MONDAY, Oct. 17, 2016 (HealthDay News) — In a clinical practice guideline published online Oct. 12 in the Journal of the American Medical Association, recommendations are presented for the target hemoglobin level for red blood cell (RBC) transfusion and optimal duration of RBC storage.
Jeffrey L. Carson, M.D., from Rutgers University in New Brunswick, N.J., and colleagues developed recommendations for the target hemoglobin level for RBC transfusion among hospitalized adult patients who are hemodynamically stable, as well as optimal storage time for RBCs prior to transfusion. Data were reviewed from randomized clinical trials (RCTs) evaluating hemoglobin thresholds for RBC transfusion (31 RCTs with 12,587 participants) and RBC storage duration (13 RCTs with 5,515 participants).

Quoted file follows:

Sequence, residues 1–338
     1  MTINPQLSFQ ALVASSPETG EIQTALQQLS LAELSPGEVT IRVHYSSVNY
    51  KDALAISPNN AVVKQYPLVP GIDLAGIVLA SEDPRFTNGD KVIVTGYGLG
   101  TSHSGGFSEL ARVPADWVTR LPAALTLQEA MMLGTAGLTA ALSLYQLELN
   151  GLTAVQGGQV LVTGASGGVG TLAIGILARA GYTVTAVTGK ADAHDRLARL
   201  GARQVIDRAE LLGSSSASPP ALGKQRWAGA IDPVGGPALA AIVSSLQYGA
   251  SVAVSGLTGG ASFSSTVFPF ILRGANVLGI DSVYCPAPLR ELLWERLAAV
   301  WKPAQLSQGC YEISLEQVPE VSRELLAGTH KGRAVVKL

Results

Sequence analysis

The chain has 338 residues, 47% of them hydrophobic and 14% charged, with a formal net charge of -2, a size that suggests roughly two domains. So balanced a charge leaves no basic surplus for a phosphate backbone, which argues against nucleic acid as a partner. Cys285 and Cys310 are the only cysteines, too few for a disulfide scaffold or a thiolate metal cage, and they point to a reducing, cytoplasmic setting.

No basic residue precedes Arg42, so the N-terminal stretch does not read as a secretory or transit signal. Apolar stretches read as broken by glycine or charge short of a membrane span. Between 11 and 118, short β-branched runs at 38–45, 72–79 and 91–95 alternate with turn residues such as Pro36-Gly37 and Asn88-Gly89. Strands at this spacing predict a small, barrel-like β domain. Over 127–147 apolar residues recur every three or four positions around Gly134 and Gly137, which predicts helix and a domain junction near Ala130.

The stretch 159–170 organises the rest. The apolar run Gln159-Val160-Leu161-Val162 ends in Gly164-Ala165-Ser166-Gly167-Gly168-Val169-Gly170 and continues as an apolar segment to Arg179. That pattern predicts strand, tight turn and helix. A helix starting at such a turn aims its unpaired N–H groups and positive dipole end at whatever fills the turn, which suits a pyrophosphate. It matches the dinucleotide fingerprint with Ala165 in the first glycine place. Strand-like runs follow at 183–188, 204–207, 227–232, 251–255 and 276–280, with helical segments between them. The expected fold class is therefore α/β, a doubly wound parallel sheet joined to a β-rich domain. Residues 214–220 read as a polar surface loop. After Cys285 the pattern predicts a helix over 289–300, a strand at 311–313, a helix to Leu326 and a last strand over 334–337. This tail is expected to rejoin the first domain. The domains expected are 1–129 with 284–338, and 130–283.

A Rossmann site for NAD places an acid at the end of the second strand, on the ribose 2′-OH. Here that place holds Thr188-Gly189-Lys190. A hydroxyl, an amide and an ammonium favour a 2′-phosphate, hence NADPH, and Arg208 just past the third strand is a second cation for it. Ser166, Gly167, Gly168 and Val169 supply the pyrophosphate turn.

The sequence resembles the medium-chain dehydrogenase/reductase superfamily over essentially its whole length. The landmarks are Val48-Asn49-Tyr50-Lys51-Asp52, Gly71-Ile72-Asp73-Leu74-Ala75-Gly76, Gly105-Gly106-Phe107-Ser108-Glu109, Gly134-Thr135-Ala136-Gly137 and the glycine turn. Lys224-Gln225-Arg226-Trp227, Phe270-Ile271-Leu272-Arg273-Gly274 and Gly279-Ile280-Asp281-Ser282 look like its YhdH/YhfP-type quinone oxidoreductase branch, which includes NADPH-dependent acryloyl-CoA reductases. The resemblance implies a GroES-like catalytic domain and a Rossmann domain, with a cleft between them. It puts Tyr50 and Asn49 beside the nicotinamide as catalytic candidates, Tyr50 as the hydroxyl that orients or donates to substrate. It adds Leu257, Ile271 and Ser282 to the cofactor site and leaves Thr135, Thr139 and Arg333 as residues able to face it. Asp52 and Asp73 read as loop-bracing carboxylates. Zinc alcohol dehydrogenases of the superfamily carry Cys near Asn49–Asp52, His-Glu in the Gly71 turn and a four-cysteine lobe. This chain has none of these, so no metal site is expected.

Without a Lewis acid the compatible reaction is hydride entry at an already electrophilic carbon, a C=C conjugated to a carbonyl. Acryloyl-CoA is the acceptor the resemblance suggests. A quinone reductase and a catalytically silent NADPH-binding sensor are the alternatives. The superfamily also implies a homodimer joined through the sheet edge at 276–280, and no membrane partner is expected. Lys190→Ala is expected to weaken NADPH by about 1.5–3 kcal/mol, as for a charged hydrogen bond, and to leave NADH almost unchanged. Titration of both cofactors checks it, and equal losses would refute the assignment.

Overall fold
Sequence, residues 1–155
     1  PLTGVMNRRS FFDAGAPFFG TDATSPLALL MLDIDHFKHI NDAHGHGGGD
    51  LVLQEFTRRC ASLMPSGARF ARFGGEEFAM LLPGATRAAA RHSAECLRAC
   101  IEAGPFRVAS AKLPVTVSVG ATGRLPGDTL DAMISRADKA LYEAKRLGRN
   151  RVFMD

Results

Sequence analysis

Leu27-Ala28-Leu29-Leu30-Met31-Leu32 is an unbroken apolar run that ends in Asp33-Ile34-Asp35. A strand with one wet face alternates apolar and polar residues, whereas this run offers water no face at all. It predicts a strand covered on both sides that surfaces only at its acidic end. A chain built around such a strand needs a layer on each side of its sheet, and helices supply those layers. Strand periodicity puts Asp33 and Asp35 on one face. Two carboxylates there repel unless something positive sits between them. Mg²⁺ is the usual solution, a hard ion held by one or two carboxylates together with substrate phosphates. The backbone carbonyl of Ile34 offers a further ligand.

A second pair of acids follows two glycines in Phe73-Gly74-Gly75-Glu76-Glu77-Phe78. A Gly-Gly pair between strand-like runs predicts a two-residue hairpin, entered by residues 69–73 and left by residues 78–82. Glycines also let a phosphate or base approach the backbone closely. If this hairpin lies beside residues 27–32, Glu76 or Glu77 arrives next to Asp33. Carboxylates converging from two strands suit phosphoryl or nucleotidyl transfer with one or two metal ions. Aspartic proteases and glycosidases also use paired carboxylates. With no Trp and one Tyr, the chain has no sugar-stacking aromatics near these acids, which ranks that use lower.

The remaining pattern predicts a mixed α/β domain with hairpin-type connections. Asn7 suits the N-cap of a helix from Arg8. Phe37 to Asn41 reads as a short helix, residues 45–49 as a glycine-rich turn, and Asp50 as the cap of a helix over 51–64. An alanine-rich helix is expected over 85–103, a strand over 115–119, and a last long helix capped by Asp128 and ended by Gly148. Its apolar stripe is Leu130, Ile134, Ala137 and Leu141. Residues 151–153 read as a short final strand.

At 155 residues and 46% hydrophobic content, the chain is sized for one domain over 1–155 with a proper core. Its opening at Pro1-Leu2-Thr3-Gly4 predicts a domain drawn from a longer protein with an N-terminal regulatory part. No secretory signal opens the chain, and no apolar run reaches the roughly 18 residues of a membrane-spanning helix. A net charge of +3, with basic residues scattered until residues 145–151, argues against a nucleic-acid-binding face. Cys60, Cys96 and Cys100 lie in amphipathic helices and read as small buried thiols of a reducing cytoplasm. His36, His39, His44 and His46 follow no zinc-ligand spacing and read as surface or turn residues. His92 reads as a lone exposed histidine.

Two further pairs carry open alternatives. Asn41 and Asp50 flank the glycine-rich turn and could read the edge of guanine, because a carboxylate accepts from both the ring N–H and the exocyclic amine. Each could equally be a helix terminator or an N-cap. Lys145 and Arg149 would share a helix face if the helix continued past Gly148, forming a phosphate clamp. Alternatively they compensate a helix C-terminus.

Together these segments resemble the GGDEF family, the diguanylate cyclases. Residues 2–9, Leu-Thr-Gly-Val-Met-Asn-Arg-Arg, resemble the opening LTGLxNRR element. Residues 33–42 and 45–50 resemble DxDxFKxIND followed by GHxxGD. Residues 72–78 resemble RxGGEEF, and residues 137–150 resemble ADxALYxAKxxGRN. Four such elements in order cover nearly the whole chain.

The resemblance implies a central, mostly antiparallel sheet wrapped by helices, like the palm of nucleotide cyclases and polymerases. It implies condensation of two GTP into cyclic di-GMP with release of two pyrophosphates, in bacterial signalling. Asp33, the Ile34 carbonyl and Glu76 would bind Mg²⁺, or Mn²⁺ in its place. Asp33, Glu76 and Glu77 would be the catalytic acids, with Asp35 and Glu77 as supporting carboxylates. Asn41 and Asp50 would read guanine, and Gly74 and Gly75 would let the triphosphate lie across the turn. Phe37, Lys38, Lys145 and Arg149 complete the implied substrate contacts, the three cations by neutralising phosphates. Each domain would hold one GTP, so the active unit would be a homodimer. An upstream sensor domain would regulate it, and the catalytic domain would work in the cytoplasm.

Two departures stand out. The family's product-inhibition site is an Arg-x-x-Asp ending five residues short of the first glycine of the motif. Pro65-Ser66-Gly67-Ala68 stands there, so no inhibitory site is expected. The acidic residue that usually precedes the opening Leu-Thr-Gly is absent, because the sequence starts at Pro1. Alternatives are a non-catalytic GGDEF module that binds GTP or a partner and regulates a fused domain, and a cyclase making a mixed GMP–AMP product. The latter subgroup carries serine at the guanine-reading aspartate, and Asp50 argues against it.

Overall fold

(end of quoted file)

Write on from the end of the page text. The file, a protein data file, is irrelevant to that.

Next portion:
The researchers note that when making transfusion decisions regarding an individual patient, the hemoglobin level, overall clinical context, patient preferences, and alternative therapies should be considered. For hospitalized adults who are hemodynamically stable, including critically ill patients, a restrictive RBC transfusion threshold in which transfusion is not indicated until the hemoglobin level is 7 g/dL is recommended. For patients undergoing orthopedic and cardiac surgery and those with preexisting cardiac disease, a restrictive RBC transfusion threshold of 8 g/dL is recommended. Patients should receive RBC units selected at any point within their licensed dating period (storage length: <10 days).
“A restrictive transfusion threshold is safe in most clinical settings and the current blood banking practices of using standard-issue blood should be continued,” the authors write.
Several authors disclosed financial ties to the pharmaceutical and medical technology industries.
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